CastelBrando, former Castrum Costae, is a medieval castle situated on a dolomite limestone rock overlooking the villages of Cison di Valmarino and Valmareno. The name CastelBrando is due to the name Brandolini, the ancient family from Forlì, who were the Lords of the castle.

CastelBrando was originally built in the Roman age as a defensive fortress in order to protect the important lines of communication which connected Northern Italy to the countries on the other side of the Alps. The original castrum, dating from 46 AD is still visible today. The original Roman baths have also been excavated, as have the original pipes of the aqueduct which supplied water from three nearby natural springs. These springs still provide water for the castle today.

During the European Migration Period the fortress became an important defensive position against barbarian invasions. Over the centuries the castle has been subject to numerous enlargements and renovations. During the 13th century the castle was substantially enlarged while under the ownership of the Da Camino family. Their architectural additions included surrounding the castle with imposing Guelph-Ghibelline style battlements and building a central tower.

The Castle's ownership then passed over to the Republic of Venice. After the fall of Venetian Republic in 1797, it was passed down through the family of Giovanni Brandolino and became the property of the Brandolini Counts, an ancient family from Forlì. In the first half of the 16th century Antonio Maria Brandolini (1476–1522), commissioned skilled engineers to enlarge the central part of the castle in Sansovino style, adding Venetian Gothic double and triple mullioned windows. In 1700 the Brandolini family commissioned Ottavio Scotti, architect and Count of Treviso, to design and build an extension to the southern part of the castle. Part of these works included the building of a castle chapel, the Church of San Martino. The chapel was decorated internally with frescoes painted by Egidio Dall'Oglio (18th century).

During World War I, the castle was invaded by Imperial Austrian forces and used as a military hospital. After 10 years of restoration work, financed by Count Girolamo IV Brandolini (1870–1935), the castle was re-opened as a place of residence in 1929. CastelBrando has now been extensively restored and now houses a 4-star hotel, museum and a theatre. Visitors can get up to the castle by funicular railway from the village.



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Founded: 13th century
Category: Castles and fortifications in Italy


4.5/5 (based on Google user reviews)

User Reviews

David Roseman (3 years ago)
I would rate it zero stars if I could. Pretty location, but everything else was awful. Super hard beds (nothing like going to a spa hotel only to have the bed wreck your back), sparsely equipped rooms (e.g., no coffee maker, no bathrobes, very little storage), rude/condescending staff, abysmal signage (seriously, good luck finding anything there), plus a wedding ceremony held just outside and under our room until very late made it even more trying and the exact opposite of relaxing. Seriously, the amount of screaming from the wedding made it feel like the Game of Thrones Red Wedding was being recreated below us. This place was the opposite of luxurious: the "wellness area" was a joke and overcrowded/overpriced and the formal restaurant was closed, so only a pizzeria for dinner. Only stayed one night and canceled the following night, so we could go to a comfortable hotel that actually respects its guests and has value for the money. Honestly not even worth visiting to see the castle grounds. Traveler beware.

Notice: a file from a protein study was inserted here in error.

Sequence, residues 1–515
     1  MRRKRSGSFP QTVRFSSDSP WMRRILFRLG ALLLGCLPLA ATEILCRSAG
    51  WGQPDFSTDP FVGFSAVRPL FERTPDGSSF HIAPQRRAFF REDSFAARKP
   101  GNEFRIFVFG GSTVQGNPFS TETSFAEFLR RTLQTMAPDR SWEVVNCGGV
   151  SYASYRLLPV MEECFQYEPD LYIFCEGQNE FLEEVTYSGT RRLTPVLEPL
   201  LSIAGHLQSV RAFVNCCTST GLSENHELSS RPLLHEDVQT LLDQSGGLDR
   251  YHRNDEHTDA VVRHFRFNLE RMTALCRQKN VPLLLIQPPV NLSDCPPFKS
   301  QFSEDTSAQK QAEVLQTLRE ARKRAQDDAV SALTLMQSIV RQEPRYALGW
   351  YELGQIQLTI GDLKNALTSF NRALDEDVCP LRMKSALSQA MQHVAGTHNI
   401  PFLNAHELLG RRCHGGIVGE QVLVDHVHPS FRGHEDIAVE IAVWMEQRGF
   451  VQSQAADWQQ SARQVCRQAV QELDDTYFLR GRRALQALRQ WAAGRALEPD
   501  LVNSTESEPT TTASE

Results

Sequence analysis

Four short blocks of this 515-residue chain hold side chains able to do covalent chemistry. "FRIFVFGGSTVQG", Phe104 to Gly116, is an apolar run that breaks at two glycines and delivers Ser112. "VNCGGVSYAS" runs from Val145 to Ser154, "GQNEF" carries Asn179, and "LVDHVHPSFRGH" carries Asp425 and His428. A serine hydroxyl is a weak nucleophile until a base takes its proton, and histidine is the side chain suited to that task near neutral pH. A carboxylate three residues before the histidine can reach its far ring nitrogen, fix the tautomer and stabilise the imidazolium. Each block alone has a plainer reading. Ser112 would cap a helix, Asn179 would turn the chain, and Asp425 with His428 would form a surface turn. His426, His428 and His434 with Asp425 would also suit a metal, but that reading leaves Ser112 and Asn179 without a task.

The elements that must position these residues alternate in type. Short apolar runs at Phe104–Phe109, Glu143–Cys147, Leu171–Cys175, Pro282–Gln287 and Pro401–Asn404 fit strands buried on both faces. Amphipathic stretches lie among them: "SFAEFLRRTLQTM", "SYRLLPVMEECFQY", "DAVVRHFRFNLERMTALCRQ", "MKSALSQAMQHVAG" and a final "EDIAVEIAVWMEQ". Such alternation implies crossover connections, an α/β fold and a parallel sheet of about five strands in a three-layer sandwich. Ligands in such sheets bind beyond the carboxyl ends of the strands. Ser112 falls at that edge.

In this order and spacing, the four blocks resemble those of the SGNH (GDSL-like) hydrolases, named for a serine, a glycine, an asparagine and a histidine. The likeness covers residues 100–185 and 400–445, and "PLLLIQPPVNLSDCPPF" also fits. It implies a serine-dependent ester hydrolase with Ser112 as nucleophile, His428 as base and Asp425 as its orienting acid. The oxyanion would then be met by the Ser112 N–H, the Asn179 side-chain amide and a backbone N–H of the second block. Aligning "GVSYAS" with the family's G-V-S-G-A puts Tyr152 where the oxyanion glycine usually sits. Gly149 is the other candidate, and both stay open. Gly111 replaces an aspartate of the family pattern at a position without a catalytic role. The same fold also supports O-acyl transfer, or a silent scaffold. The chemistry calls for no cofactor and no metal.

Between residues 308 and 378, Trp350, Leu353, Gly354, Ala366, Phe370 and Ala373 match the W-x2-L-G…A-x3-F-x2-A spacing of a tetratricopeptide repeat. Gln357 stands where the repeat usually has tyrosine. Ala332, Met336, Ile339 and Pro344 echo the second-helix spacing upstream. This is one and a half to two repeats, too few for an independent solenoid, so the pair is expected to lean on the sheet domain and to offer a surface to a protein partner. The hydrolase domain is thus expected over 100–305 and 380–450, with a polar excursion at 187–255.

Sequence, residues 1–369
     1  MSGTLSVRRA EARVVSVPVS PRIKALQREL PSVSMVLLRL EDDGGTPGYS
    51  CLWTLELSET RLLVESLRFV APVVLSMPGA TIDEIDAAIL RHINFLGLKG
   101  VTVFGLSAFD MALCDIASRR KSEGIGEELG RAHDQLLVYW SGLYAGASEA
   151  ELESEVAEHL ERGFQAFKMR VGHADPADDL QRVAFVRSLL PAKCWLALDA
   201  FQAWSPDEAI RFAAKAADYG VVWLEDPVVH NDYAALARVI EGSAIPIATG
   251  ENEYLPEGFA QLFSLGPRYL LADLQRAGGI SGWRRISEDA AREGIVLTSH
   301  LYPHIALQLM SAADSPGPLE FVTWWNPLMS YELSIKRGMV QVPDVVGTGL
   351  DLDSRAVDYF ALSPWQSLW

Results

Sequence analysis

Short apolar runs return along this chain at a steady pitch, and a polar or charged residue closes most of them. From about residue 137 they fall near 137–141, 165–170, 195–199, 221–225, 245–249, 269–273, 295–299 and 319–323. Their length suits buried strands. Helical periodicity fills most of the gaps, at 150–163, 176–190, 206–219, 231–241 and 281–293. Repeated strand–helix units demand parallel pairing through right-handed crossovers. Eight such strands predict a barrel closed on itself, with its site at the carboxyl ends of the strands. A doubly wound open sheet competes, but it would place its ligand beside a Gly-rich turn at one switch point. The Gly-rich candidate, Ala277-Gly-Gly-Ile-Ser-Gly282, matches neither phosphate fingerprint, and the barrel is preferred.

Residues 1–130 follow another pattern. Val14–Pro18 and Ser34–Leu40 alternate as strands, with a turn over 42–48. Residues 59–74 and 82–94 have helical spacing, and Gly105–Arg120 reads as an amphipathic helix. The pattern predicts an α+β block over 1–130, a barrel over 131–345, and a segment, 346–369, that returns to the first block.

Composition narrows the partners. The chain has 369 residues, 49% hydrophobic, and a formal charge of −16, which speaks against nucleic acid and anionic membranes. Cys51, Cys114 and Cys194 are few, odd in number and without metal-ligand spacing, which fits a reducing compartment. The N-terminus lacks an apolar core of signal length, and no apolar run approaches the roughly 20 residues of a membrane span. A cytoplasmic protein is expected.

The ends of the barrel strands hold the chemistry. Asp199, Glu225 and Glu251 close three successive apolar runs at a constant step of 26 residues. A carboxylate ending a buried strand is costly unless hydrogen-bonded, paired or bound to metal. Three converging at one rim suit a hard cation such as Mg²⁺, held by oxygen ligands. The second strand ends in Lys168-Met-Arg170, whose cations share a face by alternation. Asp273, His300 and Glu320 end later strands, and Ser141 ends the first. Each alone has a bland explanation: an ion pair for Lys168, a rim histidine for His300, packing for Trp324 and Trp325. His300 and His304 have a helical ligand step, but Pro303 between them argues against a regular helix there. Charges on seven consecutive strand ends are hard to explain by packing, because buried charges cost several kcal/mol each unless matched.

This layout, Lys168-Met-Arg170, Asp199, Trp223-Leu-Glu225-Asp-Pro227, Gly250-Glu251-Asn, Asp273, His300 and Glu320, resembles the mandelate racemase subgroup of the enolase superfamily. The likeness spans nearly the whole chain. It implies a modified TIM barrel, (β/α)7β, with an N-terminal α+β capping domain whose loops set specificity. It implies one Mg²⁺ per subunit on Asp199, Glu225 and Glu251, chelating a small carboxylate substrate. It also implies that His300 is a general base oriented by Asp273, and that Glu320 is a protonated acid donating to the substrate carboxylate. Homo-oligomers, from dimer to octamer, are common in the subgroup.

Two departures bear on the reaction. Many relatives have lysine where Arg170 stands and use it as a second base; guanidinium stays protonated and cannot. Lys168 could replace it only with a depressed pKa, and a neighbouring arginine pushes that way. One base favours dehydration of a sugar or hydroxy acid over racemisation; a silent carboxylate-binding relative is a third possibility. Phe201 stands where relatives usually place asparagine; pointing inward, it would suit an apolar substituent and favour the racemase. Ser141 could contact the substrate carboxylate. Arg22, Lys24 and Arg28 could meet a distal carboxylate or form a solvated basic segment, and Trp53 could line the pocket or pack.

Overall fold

Vlado ST (3 years ago)
Indeed a beautiful castle. I have a beautiful view of the hill of Hill. All recommendations. CastelBrando, former Castrum Costae, is a medieval castle situated on a dolomite limestone rock at an elevation of 370 m (1,210 ft) above sea level, overlooking the villages of Cison di Valmarino and Valmareno, Northern Italy. The name CastelBrando is due to the name Brandolini, the ancient family from Forlì, who were the Lords of the castle.
Johny B (3 years ago)
Very nice castle .under is great parking for car and there is an entry to cable car for 1 e up to castle .up there is bars and I really recommend with lovely view
Jeroen Hutten (3 years ago)
I've been here with the culture and pizza tour. It simply was one of the most impressive castle experiences I've had. The tour is very detailed and takes you through the entire castle. The castle is nowadays restored in a mix between autenticity and a modern hotel/restaurant. The lighting inside and outside of this castle is simply amazing. The view is great and the pizza was the best I had this holiday! A small tip, it's also possible to view the inside of the walls for free. You only have to pay €1 for the lift taking you up the hill.
Hasret Belet Michieletti (3 years ago)
It has 4*star hotel, different cafes , restaurants and a pizzeria. Open air cafes I liked the most.There’re guided tours inside the castle and if you park down, you can use the funicular for 1€ . You can visit even just for a sightseeing
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